The Seminary Explores
T1International: The Quest for Insulin Accessibility

T1International: The Quest for Insulin Accessibility

August 24, 2020

Elizabeth Pfiester is the founder and director of the non-profit T1International, which is based in the UK, and is dedicated to using ethics and solidarity in its quest for more accessible insulin. The initiator of the grassroots campaign #insulin4all, it does not accept funding from pharmaceutical companies or any organization that would compromise its ability to advocate for insulin affordability and access.

Pfiester holds a master’s degree in International Development and Humanitarian Emergencies from The London School of Economics and Political Science.  We caught up with Elizabeth during a busy August at T1International.

You can learn more about the insulin price crisis in the U.S. and how T1International advocates around the world are seeking change so that this essential medicine gets into the hands of all who need it. https://www.t1international.com/

 

COVID-19 and the Hospital Chaplain: Spiritual Care During a Pandemic

COVID-19 and the Hospital Chaplain: Spiritual Care During a Pandemic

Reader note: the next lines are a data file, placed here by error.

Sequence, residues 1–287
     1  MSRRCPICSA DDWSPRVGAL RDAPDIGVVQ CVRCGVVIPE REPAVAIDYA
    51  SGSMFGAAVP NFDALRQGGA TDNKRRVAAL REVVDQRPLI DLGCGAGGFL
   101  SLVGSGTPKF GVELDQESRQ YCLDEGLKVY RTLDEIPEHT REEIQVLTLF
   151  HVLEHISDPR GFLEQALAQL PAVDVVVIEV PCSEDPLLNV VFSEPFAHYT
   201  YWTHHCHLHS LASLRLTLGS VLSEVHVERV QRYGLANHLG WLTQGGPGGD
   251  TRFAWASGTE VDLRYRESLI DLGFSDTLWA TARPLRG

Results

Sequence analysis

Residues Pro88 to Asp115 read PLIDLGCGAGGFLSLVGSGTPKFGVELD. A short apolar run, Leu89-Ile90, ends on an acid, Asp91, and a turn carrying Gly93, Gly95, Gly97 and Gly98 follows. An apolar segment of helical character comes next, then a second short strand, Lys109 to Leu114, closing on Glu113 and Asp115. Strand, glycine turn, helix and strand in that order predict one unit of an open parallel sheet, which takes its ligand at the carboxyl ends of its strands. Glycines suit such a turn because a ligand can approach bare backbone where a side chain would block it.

May 4, 2020

Rev. Peter Kuhn, Director of Spiritual Care and Education, WellSpan Health joins The Seminary Explores for a conversation about spiritual care in some of South Central Pennsylvania’s hospitals. Like all hospital departments right now they are rapidly adapting to how they provide care and education in changing circumstances. Kuhn is an ACPE Clinical Educator and a Board Certified Chaplain. He studied Theology at the University of Heidelberg in Germany. His Supervisor training is from Wake Forest University Baptist Medical Center in Winston-Salem, N.C.

 

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Restoring Health in the World, One Disease at a Time

Restoring Health in the World, One Disease at a Time

May 6, 2019

Kate Braband, Senior Associate Director of Program Development, Carter Center, Atlanta, Georgia describes the success that the Carter Center, initiated thirty years ago by President and Mrs. Jimmy Carter, has had in controlling guinea worm, one of the more painful and debilitating of the Neglected Tropical Diseases (WTD) in Central Africa. Not long ago, cases numbered in the thousands; today in the twenties. Guinea worm is controlled, not by vaccinations, but by changes in behavior, especially drinking filtered water. Education and supervision are largely in the hands of the locals. Other projects by the Carter Center derive from their mission of building hope, restoring health, and fighting for peace. To achieve these goals, the Center enlists national governments, the United Nations, and international corporations.

Senior Citizen Living: Issues, Concerns, and Possibilities

Senior Citizen Living: Issues, Concerns, and Possibilities

May 7, 2018